During the giant snowstorms that pummeled much of the East Coast last winter, Senator James Inhofe's family pleased the grand old man of climate change denialism by erecting an igloo near the U.S. Capitol and hanging a sign on it that read "Al Gore's new home."
So, you know the greens would try to turn the tables on Inhofe's stunt as soon as the humid swelter hit DC in all the oppressive force that summer weather in the nation's swampy capital is known for. Sure enough, last week, they erected an ice sculpture, shaped into the words "Climate Deniers," in broad daylight in front of the Capitol, so the assembled reporters could dutifully watch it melt into a tepid puddle.
In both cases, a good time was had by all. It's unlikely, however, that any minds were changed in either case. And, let me say, for the umpteenth time: Short-term weather phenomena should not be exploited to spin conclusions about long-term climate trends.
Speaking of climate trends, I regularly tell friends that the nation's capital should be moved to Santa Barbara. At the very least, the balmy Mediterranean climate and beach town casualness would take some of the edge off the ill will that pollutes political debates on the great issues of the day.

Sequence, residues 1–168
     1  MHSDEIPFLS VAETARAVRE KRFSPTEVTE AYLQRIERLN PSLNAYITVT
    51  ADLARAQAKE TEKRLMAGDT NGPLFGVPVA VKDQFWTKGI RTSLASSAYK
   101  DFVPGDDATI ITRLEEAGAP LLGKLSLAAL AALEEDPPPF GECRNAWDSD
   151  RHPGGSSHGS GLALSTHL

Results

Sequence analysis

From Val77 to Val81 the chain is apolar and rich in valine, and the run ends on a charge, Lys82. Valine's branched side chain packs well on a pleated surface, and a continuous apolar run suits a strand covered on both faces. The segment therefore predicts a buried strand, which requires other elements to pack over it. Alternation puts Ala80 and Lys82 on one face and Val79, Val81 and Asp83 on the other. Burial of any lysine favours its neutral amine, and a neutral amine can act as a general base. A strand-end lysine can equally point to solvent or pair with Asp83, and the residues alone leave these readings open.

Anyway, to borrow one of Donald Rumsfeld's famous aphorisms, we have to deal with politics we have, not the politics we wish we had.
The politics we have is that energy and climate legislation is endlessly difficult. Harry Reid plans to ante up an energy bill the week of July 26. Odds of the Senate passing an economy-wide cap on greenhouse gas emissions are, to put things mildly, not good. Senate Democrats are casting around to see if it's possible to round up 60 votes for a scaled-back cap on greenhouse gas emissions one that would be applied only to power plants.
The word is that utilities are willing to consider taking a cap ahead of other industry sectors if Congress will cut them some slack on other Clean Air Act requirements namely looming EPA rules on pollutants that brew up lung-searing ozone and dangerous particulate matter, as well as mercury and other airborne toxins.
Anytime you have deal-hungry lawmakers trying to cobble together a bill in the waning days of a congressional session, you're at the point on the map that should be labeled "here be dragons."
A price on greenhouse gas emissions is essential for reducing the carbon pollution that the preponderance of the evidence shows is trapping heat energy in the atmosphere at unprecedented rates, and to give businesses the certainty they need to invest in energy technologies that do not exacerbate the problem.
Air pollution from coal-fired power plants kills people thousands of them, every year. Trading away legal authority to force significant reductions in that pollution in order to get a carbon emissions cap would not be a good deal. Senator Lamar Alexander, a Tennessee Republican who has worked up bipartisan legislation to slash power plant emissions, put it best in an interview with Environment & Energy Daily: "You mean to spew more sulfur, nitrogen and mercury, and less carbon? That's not my idea of progress."
It shouldn't be anyone's idea of progress. Reid and company should watch their step in the coming week that they don't give away the store.
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